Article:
Velebit uprising

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Velebit uprising
Part of Interwar period
Type Sabotage
Location Brušane, Gospić
Planned 28 August 1932
Planned by Ante Pavelić
Gustav Perčec
Vjekoslav Servatzy
Target Yugoslav police station
Date 6–7 September 1932
Executed by Ustaše
Casualties 1 dead Ustaše

The Velebit uprising or Lika uprising (Croatian: Velebitski ustanak; Lički ustanak) was a small-scale sabotage action made by Ustaše, a Croatian fascist and terrorist organization, on 6–7 September 1932.


In the area near Gospić, Ustaše had a strong organization led by lawyer Andrija Artuković. Some other notable members of Gospić's Ustaše branch were landowner Marko Došen, former Austrian-Hungarian officer Juraj Juco Rukavina, traders Josip Tomljenović and Nikola Orešković, and tax clerk Josip Japunčić.[1]

Rukavina had one of the more important roles in the uprising. He visited a number of villages to gain support from local inhabitants for the uprising. Ustaše spread propaganda stating that Italians supported Croatian independence, and that Ustaše would help them to gain the area near the Triglav and Ljubljana mountains, while the Italians would give Rijeka and Trieste to Croatia. Since the main goal was sabotage of the military depot and garrison in Gospić, Ustaše tried to establish contact with some military personnel, but without major success. Ustaše from Gospić were in contact with Ustaše in emigration, constantly exchanging information and advice. Before the beginning of the action, Italian authorities gave permission to Ustaše to start the action. They transferred the arms from Italy through Zadar,[2] which was then part of Italian state, where the Ustaše leader was Ante Brkan. In early 1932, the first arms was transferred, with a major shipment of arms arriving in August. At the same time, Ustaše prepared the terrain for enlisting men for the action. They gained two sergeants on their side, Josip Čačić and Ante Malbaša. Five armed and uniformed Ustaše arrived from Italy, among whom was Rafael Boban.[1] They hid in a house of some peasants in Lukovo Šugarje village, and were later followed by another five Ustaše.[2]

At a meeting held in Spittal in Austria held on 28 August 1932,[1] Ante Pavelić, Gustav Perčec, and Vjekoslav Servatzy decided to start a small uprising. Servatzy was chosen to organize the action. Before the action started, Artuković and Došen went to Zadar to avoid arrest by the Yugoslav police. During the night between 6 and 7 September, Ustaše launched an attack ona police station in Brušane village near Gospić. Beside the ten Ustaše that arrived, some Ustaše from Gospić also participated in the attack. Before the attack, Ustaše cut the phone lines to the police station in Gospić, then opened fire on the police station in Brušane. The attack lasted for half of an hour, after which Ustaše who lived in Croatia returned to their homes, while those who came from Italy went to Zadar across the Velebit. Though the leader of the action, Artuković, escaped, he was arrested and put on trial in 1936 in Belgrade. He was accused, among other Ustaše, of destruction of the police station on the night between 6 and 7 September 1932.[2]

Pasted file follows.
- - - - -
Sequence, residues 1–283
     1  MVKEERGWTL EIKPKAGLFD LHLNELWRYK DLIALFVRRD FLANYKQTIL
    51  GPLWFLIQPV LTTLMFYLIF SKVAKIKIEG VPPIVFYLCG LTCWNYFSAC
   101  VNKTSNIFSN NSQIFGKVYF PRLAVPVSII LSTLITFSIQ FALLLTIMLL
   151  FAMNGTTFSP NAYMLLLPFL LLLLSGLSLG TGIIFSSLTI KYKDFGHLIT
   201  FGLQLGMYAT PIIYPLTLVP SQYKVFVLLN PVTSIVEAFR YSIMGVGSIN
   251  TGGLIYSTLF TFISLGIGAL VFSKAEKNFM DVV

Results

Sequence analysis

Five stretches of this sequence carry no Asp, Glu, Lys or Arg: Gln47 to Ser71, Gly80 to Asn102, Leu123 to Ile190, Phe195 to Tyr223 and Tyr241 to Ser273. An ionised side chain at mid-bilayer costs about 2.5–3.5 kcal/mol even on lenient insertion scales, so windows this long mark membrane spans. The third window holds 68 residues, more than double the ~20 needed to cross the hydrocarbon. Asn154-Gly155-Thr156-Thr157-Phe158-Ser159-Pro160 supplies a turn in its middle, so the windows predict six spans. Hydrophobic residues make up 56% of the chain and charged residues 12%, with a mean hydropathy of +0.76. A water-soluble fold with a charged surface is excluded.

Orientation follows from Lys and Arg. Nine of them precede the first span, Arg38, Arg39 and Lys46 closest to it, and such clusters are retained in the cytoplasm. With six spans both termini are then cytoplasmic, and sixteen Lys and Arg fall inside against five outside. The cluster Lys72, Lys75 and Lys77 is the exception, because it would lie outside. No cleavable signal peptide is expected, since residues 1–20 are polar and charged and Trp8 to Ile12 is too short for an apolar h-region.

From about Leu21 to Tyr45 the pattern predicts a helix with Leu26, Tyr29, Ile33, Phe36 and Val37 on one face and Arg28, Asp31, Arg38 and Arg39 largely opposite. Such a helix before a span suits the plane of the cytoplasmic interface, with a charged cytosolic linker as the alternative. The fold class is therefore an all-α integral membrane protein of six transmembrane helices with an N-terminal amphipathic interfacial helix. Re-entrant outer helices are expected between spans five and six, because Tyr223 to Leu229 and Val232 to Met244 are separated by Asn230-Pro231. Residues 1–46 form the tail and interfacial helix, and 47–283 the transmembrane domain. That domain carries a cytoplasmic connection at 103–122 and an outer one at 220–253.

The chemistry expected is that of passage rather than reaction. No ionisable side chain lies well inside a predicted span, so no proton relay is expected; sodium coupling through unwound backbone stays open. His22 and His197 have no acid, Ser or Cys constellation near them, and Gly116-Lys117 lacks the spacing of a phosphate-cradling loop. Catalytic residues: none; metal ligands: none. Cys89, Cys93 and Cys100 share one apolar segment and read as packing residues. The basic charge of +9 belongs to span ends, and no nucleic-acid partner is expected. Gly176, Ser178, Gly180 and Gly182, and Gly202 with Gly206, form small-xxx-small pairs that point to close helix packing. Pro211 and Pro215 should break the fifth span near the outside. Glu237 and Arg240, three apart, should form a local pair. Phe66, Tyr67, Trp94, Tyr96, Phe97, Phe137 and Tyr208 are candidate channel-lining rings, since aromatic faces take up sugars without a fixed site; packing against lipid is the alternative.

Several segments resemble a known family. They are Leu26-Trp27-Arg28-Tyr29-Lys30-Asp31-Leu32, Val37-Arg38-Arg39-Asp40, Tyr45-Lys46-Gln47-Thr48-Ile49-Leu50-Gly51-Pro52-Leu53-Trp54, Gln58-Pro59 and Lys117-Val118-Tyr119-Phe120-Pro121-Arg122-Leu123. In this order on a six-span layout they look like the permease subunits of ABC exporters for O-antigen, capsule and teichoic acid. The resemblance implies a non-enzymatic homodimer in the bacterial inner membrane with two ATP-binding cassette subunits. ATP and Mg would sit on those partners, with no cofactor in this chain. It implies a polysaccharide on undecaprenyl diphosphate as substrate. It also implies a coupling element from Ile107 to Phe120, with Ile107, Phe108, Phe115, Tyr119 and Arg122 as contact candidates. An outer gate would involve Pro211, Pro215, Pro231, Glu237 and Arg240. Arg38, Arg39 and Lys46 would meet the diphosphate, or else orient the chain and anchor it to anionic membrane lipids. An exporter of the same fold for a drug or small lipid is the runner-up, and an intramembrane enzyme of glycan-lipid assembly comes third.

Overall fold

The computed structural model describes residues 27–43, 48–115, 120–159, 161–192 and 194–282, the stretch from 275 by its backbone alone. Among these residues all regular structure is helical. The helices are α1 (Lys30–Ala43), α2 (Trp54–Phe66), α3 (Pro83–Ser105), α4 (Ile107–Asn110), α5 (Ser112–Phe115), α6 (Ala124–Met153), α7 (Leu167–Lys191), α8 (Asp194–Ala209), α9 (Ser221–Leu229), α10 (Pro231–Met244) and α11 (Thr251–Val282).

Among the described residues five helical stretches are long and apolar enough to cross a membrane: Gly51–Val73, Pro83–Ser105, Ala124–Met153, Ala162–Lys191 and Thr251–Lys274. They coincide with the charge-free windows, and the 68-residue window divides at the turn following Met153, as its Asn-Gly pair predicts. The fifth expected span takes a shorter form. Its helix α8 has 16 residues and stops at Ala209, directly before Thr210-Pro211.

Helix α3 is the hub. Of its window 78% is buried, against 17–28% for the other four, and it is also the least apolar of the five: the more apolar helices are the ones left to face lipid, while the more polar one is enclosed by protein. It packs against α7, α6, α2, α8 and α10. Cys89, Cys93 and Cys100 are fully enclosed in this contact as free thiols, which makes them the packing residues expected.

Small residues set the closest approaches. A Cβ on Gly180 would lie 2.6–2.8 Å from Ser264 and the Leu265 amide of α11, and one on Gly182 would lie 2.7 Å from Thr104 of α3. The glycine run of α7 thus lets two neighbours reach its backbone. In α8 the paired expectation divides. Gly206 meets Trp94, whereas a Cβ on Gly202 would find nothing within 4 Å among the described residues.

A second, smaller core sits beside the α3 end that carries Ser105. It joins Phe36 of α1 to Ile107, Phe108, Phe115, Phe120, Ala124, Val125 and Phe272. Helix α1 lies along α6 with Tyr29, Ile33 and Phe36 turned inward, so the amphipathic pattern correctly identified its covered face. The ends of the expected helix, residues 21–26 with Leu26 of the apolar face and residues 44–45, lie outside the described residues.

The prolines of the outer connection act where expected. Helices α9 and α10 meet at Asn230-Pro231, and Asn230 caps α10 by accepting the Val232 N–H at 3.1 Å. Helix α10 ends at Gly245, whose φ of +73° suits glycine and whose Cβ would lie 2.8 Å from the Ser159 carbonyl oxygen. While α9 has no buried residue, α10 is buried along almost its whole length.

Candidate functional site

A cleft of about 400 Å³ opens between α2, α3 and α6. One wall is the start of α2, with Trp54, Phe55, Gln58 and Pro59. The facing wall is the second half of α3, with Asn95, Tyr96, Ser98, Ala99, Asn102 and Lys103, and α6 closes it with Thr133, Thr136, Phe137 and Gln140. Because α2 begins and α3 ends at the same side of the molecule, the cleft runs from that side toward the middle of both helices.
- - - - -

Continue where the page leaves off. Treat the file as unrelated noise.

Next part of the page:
The Ustaše attacked a police station and half an hour later pulled back to Velebit with no casualties. Despite the small scale of the uprising, the Yugoslav authorities were unnerved because the power of the Ustaše was unknown. As a result major security measures were introduced. This action had an impact on the foreign press, especially among Italian and Hungarian press.[2]



  1. ^ a b c Marković 2003, p. 18.
  2. ^ a b c d Matković 2002, p. 14.


  • Marković, Marko (2003). Povijest Crne legije: Jure i Boban.  (Croatian)
  • Matković, Hrvoje (2002). Povijest Nezavisne Države Hrvatske. Naklada Pavičić. ISBN 953-6308-39-8.  (Croatian)